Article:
Through much of the summer, while working alongside Caroline and Laura, it was easy to see why some might call us garden slaves. Long days and endless wheelbarrows full of mulch, weeds, and compost getting carted every which way in the garden. Needless to say I would end each day feeling heavier than big blue is full of weeds (our favorite wheelbarrow that weighs more empty then most wheelbarrows do full). But as the summer deepens and fall sights begin to appear on the horizon a bittersweet change is happening in the garden.
The fruits of our labor all through June and July are finally starting to ripen which means less slave work and more munching and preserving. Each day is filled with harvesting more fresh produce from the garden then I ever thought possible when I started here back in June. The garden poundage grows more and more each day which means food preservation is in full swing. Pickled beans, beets, and cucumbers, jams, jellies, syrups, dried fruit, canned fruit, you name it and we have probably preserved it. These days you are just as likely to see us in the kitchen as you are in the garden.
The bitter has been the sending off of Laura and Caroline with whom I have cultivated a strong friendship more pungent then the lingering smell of fresh compost on a hot July afternoon. As to the sweet, the harvesting of beans, pears, potatoes, onions, apples, and new friendships with our most recent additions to the garden intern clan, Leila and Louise.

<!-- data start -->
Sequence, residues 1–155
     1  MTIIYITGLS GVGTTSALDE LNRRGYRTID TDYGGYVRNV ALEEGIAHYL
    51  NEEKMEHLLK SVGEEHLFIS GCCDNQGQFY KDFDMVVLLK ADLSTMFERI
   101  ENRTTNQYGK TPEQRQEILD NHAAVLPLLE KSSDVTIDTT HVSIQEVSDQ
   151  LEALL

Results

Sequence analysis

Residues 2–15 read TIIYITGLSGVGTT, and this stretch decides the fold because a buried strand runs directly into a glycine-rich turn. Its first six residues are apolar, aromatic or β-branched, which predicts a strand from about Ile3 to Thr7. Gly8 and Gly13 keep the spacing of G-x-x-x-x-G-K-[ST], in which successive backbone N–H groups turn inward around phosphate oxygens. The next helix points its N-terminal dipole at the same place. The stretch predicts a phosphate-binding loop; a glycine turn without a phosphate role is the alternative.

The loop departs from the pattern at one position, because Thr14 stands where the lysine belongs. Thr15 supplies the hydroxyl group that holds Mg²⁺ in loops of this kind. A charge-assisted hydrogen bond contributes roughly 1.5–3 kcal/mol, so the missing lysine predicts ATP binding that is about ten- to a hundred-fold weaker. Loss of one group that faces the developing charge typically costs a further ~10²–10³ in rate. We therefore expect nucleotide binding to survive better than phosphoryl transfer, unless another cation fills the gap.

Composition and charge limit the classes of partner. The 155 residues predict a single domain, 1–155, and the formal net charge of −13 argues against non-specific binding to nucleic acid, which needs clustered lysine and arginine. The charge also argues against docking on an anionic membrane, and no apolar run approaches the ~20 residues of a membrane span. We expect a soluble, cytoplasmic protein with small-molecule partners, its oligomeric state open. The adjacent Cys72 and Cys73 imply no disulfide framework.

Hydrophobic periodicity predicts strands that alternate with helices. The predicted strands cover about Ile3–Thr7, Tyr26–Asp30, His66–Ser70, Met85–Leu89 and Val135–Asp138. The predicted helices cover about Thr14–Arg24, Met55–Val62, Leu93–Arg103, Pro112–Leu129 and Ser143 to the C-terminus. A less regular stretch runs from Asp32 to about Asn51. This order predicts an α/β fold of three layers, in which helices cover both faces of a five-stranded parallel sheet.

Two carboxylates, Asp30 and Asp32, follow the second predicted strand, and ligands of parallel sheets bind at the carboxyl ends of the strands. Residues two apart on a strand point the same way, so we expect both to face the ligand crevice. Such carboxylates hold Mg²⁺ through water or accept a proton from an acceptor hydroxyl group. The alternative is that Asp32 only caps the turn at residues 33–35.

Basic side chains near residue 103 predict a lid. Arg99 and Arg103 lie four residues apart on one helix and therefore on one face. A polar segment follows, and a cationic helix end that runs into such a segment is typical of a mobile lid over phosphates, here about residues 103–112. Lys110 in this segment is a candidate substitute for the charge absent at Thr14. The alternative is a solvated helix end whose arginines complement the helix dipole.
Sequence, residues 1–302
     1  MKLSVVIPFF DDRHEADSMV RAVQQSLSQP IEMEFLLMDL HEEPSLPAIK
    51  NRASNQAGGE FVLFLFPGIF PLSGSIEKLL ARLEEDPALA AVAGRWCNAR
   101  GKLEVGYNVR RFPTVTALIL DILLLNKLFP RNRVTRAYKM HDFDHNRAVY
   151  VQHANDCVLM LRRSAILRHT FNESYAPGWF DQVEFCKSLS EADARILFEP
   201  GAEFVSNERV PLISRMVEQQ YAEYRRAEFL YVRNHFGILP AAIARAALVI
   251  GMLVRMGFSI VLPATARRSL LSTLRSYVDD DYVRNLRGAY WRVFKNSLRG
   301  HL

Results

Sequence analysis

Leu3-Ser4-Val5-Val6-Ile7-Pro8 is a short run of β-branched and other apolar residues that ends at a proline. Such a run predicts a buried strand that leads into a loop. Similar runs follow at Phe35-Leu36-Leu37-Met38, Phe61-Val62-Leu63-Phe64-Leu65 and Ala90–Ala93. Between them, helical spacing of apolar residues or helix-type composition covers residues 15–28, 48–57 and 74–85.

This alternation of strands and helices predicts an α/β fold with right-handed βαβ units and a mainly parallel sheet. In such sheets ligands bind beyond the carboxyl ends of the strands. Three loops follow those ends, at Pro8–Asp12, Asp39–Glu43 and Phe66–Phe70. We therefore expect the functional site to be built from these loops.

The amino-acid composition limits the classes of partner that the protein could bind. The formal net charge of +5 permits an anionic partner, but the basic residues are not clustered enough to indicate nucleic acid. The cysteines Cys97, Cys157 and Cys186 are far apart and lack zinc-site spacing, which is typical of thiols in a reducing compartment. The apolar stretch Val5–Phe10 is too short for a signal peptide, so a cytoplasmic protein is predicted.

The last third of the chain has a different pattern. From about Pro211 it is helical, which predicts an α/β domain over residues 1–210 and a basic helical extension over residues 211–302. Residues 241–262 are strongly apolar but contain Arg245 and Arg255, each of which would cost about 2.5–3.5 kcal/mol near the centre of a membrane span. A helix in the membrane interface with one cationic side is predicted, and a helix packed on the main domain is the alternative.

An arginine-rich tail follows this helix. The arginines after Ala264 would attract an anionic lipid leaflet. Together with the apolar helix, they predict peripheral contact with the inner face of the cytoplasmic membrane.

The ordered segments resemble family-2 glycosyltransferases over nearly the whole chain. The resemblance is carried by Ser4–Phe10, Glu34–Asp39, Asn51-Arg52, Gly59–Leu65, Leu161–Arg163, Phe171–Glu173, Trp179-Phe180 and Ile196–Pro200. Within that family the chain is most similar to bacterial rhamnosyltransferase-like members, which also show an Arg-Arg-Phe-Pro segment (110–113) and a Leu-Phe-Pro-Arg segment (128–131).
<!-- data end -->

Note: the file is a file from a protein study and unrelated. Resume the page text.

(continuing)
We only preserve food we have an excess of which means that there is lots of fresh food coming from the garden that is becoming a large component of our community dinners. To me this is the most exciting part. I find it somewhat rebellious and freeing to make dinner where the only part of it that comes from the store are un-growable goods. The feeling is not just satisfying, it also is delicious.
As sad as it is to bid our farewells to summer and new friends, the anticipation fruitful harvests dulls the pain just as a dash (or a mountain) of sugar masks the astringent taste of a bowl full of freshly picked aronia berries.
Changes in the Garden
by Madeline Johnston, Garden Intern 2013
by Leila Drici, Garden Intern 2013
Question and Answer
by Louise Akers, Garden Intern 2013
Not your average Internship
by Caroline Schier, Garden Intern 2013
In my eyes that is the greatest definition of an internship and I am proud and blessed to get to have that position.
Garden bloggers are community members, volunteers and interns at Songaia.